And the town over there, bathed in the sunlight, looked quite good too. All in all, it really was a beautiful evening to be out and about. We could do with a few more of these.

buds on apple trees les guis virlet puy de dome franceDown at Riom and Gerzat, the trees are already in full bloom, so I was quite impressed to see that the fruit trees that I have in buckets outside the front door are now blooming too.

It’s all of a couple of weeks late of course, as I have said already, but it’s still as beautiful as ever when it does arrive. It’s a sure sign that summer is on its way.

Sunday 19th April 2015 – I HAD A NICE LIE-IN …

… this morning – but I nearly didn’t!

When I woke up, it wasn’t even 08:00 but if anyone really thinks that I am going to heave myself out of my stinking pit at that time of a morning on a Sunday, they are mistaken. I turned over and went back to sleep – and it was a much-more-respectable 10:30 when I finally awoke from the dead.

First job, after the usual offices, was to make another load of muesli, seeing as how the muesli drum was empty. For the benefit of my readers, it’s a pile of porridge oats with cornflakes and bran sticks mixed in. And then a bag of nuts, some trail mix (you know – the dried fruit, raisins, coconut shavings and the like), some dessicated coconut and anything else around here that looks nice. Sunflower seeds, sesame seeds and so on.

After breakfast, I finished off the live concert that I was engineering and I do have to say that it’s the best one yet. Tons of stuff has been hacked out, tons of stuff added in, and now that I’ve worked out how to overlap tracks and dub sound effects and so on, it comes out really well.

Working under pressure is a great way of pushing back the boundaries of knowledge with a computer program. When you know that a task is useful and that it seems logical for people to want to do it, then it’s sure to be there in a program somewhere and you need to spend the time to ferret it out.

When I first started to work with Audacity, the program that I use for sound engineering, I remember posting at length about how disappointed I was with it, and how I wished that I had the older program that we used in another lifetime – Polderbits – back again. But credit where credit is due. I’m becoming much more used to Audacity and each week I’m discovering more and more facilities and functions, and I’m now a quite happy little user of the product.

For lunch, I made some hummus again. A pile of chick peas, tahini, water, olive oil, turmeric, cumin and garlic. I remembered that I had fetched from Marianne’s an ancient electric stick-mixer and with that I made a hummus 10 times easier than I have ever made by hand.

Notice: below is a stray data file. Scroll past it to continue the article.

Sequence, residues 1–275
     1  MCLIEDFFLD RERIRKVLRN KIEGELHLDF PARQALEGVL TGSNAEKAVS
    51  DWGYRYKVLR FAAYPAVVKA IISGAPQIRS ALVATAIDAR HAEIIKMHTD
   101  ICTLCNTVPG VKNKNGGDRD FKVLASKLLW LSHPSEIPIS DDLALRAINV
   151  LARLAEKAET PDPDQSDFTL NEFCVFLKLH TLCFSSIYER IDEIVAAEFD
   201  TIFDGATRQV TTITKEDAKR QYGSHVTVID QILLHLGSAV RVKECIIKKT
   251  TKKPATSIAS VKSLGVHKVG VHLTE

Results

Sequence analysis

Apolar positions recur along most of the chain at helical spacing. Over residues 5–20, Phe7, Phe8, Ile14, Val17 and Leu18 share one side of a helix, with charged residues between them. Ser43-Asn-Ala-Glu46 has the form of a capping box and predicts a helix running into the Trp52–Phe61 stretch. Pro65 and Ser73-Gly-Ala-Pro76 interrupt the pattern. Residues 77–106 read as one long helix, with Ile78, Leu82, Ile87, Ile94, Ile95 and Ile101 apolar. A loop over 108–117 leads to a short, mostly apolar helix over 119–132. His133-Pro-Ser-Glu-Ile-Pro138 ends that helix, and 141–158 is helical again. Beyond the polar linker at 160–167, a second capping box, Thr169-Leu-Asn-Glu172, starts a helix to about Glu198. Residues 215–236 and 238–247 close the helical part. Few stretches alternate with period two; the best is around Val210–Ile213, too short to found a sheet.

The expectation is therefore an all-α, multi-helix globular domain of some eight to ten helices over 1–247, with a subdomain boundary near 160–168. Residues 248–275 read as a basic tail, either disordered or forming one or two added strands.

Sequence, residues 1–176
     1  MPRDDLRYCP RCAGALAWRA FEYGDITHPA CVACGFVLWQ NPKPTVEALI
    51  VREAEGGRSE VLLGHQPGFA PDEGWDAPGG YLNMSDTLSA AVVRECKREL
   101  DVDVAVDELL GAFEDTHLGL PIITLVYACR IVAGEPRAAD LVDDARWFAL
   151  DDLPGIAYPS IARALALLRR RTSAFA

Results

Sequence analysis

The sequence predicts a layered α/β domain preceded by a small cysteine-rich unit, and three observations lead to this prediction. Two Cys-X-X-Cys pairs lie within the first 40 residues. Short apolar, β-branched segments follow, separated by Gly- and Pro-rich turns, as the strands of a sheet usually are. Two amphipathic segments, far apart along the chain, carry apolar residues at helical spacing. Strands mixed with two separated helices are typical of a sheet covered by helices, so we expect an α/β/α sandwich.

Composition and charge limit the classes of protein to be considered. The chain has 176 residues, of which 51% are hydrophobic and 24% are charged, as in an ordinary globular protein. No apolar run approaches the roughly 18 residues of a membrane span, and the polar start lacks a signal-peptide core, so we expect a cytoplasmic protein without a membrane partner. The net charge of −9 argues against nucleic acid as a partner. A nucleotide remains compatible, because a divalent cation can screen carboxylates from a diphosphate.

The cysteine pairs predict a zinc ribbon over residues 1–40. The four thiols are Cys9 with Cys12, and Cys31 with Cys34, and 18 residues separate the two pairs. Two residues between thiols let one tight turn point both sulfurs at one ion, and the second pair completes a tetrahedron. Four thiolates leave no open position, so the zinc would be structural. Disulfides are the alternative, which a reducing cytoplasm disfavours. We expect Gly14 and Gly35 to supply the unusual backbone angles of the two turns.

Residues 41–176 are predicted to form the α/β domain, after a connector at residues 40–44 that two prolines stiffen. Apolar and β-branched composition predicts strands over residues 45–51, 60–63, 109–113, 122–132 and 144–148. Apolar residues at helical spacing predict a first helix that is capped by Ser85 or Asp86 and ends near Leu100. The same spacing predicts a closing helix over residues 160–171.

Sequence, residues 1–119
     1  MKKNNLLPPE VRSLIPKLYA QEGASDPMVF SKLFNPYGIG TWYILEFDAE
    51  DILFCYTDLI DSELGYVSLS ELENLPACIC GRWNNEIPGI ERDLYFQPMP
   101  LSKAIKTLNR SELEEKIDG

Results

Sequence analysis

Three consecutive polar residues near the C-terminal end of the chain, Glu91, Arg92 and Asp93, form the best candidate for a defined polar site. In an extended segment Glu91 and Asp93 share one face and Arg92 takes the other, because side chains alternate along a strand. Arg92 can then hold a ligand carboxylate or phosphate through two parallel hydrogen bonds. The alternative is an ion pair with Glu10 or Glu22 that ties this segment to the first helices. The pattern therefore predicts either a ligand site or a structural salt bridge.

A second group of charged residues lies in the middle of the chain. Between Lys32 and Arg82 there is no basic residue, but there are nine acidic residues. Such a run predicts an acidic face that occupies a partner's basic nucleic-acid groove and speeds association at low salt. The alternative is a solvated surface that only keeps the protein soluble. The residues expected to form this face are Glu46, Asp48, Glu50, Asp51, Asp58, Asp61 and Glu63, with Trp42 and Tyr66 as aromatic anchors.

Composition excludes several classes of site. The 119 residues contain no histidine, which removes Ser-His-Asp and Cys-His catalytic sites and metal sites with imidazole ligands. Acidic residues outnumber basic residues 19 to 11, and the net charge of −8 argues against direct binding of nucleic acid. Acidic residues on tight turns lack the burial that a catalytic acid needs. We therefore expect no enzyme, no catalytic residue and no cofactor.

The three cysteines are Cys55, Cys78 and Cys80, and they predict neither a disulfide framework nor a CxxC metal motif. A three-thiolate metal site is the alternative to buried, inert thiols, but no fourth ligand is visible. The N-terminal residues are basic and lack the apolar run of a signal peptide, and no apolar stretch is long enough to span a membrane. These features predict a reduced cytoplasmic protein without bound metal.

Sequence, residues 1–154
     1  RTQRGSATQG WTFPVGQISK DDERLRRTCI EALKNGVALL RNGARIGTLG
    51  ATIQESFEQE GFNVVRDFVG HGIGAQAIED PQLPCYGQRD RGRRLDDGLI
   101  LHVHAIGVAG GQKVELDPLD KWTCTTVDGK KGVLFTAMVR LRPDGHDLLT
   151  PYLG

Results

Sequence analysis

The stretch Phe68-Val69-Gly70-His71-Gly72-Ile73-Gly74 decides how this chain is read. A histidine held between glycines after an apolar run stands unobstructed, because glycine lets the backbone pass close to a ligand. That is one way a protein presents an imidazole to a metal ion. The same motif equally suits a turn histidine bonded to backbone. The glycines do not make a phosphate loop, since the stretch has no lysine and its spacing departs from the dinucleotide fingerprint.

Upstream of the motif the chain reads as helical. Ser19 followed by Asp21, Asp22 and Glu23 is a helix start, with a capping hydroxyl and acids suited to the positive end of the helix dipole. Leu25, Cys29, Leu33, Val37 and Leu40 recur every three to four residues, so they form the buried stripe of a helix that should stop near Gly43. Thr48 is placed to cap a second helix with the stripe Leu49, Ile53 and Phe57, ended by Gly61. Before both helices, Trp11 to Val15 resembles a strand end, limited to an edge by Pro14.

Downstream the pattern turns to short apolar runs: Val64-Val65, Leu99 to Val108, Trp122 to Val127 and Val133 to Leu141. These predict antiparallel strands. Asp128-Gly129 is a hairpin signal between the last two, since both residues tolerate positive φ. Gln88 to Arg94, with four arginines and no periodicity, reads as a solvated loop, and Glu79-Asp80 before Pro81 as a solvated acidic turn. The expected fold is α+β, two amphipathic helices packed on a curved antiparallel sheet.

The I sat down to watch the football. Next week is the final match of the Welsh Premier League season (already!) and Bangor are playing Rhyl. There cannot be two clubs anywhere in the footballing world that hate each other more than these two, and Rhyl will be going for the throat. They’ll do Bangor no favours whatever in their battle to avoid relegation. And Cefn Druids have an easier match against Carmarthen Town.

So today’s match against Prestatyn is vital to Bangor. Bangor are just two points ahead of the Druids and this is their match in hand, so they must get at least a point from this match to be safe. And of course, it’s being streamed live on the internet.

For once, the Bangor players remembered to turn up and while in the first half they were struggling a little (even conceding a penalty, but the Bangor keeper saved it) in the second half they came good and raced into a 3-0 lead before I’d even settled down.

Towards the end, Lee Beattie for Prestatyn scored what must be a contender for the Goal of the Decade – you won’t ever see a better goal than this one.

I was round at Liz and Terry’s later. We’re recording the Radio Arverne programmes tomorrow afternoon and so we had rehearsals to do. And Liz made a nice meal too.

Now I’m going to have an early night – I deserve it.

Monday 23rd March 2015 – THAT STRANGE ROUND GOLDEN THING …

. .. that I glimpsed in the sky yesterday was there for all of the day today. It was the nicest day of the year so far, beautiful and warm, and down by Chatelguyon all of the trees are now in blossom. Spring is definitely on its way, and a couple of warm sunny days will see it here too.

Liz and I were radioing today, starting off at Marcillat and Radio Tartasse. I was there at 09:30 to record the rock programmes and then Liz joined me for the information programmes that we do. Violette was back in charge of the studio today, and you could tell that she’s not quite with it following the passing of Henri.

I had to go to Pionsat on the way back to drop of Simon’s superb floorboard machine (and I gave him a bottle of wine for his trouble) but the boulangère who I wanted to see – she’s back from holiday now but of course Monday is her closing day, so that was a waste of time.

Liz made a salad for lunch and then we went down to Gerzat and Radio Arverne for the next round of programmes there – and it was as we dropped out of the mountains at Chatelguyon that we noticed the trees and the blossom.